This morning on social media someone had posted a happy-clappy worship song. A massive stadium full of young, shiny, fresh-faced worshippers held their arms to the sky and eyes closed as they enthusiastically sang the lyrics “There’s nothing that our God can’t do” along with the loud music, led by a charismatic and hipster-looking lead singer. And yet instead of being moved to praise, I found myself feeling angry. I turned it off. Filmed in January of 2020, mere weeks before CoVID began wreaking devastation worldwide, these young, fervent worshippers could not have known the devastation coming.

A few years ago, that would have been me – declaring aloud the praises and worship to ‘our God’, the God of the impossible. The God who heals cancer, delivers us from disaster, and moves every mountain. I thought that we were to be joyful – no matter what. I thought that when disaster struck, we were to declare in faith the promises of God of life and health. And God would come through. He would make things right! He would move that mountain, save us from sickness, create a way where there was none in sight. Right?

But this morning I just felt angry. So I took it to God, knowing that the God of the universe could handle my questions and my rage better than anyone.

How can I reconcile this song with present circumstances that I know of? What about when the ‘breakthrough’ does not come?

What about the car accident that claims the life of not only one, but two of your precious children while your third child is recovering from injuries?

What of the people and loved ones who are struggling to breathe on respirators in ICU with CoVID?

What of those friends battling cancer… some for the second time, and feeling fear, darkness… and a lack of hope?

And what of a son with an unexpected outcome of surgery who now lies paralyzed from the waist down?

God never promised to shield believers from bad things. In fact, He tells us so in his love story book to us: “…In this world you will have trouble…” says Jesus.

Gah. Today this feels like the understatement of the year.

With the backdrop of a global pandemic, there are more tragic events that hit us in the gut daily. More news of pain and tragedy and heartache. Is it ok to be angry and sorrowful, about hard stuff? I believe that it is. If we look at Scripture, we see all manner of emotion, especially if we look at the book of Psalms.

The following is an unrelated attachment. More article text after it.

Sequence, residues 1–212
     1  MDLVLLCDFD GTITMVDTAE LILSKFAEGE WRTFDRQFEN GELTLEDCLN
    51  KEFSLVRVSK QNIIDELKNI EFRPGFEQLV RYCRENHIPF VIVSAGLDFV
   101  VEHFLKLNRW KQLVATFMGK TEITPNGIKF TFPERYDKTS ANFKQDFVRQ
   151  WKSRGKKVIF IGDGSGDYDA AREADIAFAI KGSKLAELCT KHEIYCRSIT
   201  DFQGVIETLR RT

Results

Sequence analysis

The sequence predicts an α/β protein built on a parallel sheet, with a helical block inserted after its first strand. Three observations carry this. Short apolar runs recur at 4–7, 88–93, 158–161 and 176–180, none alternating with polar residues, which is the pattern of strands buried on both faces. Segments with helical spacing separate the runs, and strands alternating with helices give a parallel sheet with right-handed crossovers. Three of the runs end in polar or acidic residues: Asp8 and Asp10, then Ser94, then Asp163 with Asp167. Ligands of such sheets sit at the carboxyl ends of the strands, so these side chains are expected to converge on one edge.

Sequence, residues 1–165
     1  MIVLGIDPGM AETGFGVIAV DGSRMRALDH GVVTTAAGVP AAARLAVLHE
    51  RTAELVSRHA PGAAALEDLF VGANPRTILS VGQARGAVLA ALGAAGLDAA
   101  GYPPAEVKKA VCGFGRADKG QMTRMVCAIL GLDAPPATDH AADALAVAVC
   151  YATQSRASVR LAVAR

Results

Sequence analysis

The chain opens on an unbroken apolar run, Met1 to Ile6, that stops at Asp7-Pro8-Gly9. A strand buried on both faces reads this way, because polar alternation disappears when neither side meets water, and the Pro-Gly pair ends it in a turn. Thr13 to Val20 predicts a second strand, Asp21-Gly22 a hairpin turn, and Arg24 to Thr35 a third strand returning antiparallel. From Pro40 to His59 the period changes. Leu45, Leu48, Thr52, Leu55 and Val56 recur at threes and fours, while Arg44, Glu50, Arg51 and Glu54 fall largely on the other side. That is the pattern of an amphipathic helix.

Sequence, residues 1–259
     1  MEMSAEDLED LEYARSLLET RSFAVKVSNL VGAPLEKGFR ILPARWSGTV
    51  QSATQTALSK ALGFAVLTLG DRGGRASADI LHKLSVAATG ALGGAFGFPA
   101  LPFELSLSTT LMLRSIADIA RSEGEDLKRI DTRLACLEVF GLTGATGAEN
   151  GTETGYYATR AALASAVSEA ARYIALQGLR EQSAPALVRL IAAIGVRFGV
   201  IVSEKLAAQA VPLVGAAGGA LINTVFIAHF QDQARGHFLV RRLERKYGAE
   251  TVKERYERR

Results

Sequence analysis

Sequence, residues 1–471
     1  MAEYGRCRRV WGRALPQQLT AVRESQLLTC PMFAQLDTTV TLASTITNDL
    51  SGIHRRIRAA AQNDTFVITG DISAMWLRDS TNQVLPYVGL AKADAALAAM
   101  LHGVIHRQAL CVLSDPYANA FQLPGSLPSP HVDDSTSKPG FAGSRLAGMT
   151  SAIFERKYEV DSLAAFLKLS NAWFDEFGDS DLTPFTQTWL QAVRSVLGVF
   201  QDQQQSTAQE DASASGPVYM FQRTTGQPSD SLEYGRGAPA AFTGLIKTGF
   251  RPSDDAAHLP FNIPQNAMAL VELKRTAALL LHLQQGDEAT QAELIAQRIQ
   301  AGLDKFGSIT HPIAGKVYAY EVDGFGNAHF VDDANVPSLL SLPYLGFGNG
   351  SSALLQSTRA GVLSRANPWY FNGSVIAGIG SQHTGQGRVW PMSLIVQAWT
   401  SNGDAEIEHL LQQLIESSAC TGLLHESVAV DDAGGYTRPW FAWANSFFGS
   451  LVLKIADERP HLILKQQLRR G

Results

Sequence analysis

This morning I lament. In the Psalms I read some pretty raw and honest words that express the pain and suffering of life on earth. I lament on behalf of those laid low by pain this week.

Using the words of Psalm 38, I pour out my sadness, anger and grief before God…

6 I am bowed down and brought very low;
    all day long I go about mourning.
My back is filled with searing pain;
    there is no health in my body.
I am feeble and utterly crushed;
    I groan in anguish of heart.

All my longings lie open before you, Lord;
    my sighing is not hidden from you.
10 My heart pounds, my strength fails me;
    even the light has gone from my eyes.
11 My friends and companions avoid me because of my wounds;
    my neighbors stay far away.
12 Those who want to kill me set their traps,
    those who would harm me talk of my ruin;
    all day long they scheme and lie.

13 I am like the deaf, who cannot hear,
    like the mute, who cannot speak;
14 I have become like one who does not hear,
    whose mouth can offer no reply.
15 Lord, I wait for you;
    you will answer, Lord my God.
16 For I said, “Do not let them gloat
    or exalt themselves over me when my feet slip.”

17 For I am about to fall,
    and my pain is ever with me…

21 Lord, do not forsake me;
    do not be far from me, my God.
22 Come quickly to help me,
    my Lord and my Savior.

It is ok not to feel joyful and happy-clappy about life when the circumstances of life are laying you (too) low. The promises of God are big and bold but sometimes they don’t seem to line up.

This is what I know and this is what I can declare: God is good. God is not the one inflicting friends with cancer, causing car accidents and tragedy. Far from it. If you are going to lay blame anywhere, blame the great enemy of our souls, the thief who comes to steal, kill and destroy.

So today I cling to the promise “The Lord is close to the broken-hearted.” I pray this over all my friends; to those who are fighting, those who are grieving, to those who are struggling to breathe, and to those who are feeling the darkness more than the light.

How long, Lord? Will you forget me forever? How long will you hide your face from me?
How long must I wrestle with my thoughts and day after day have sorrow in my heart?
Ps. 13

If you are in the mood for a choral rendition of Psalm 13, composed by Henri Desmarets’ (1661-1741), give this a listen.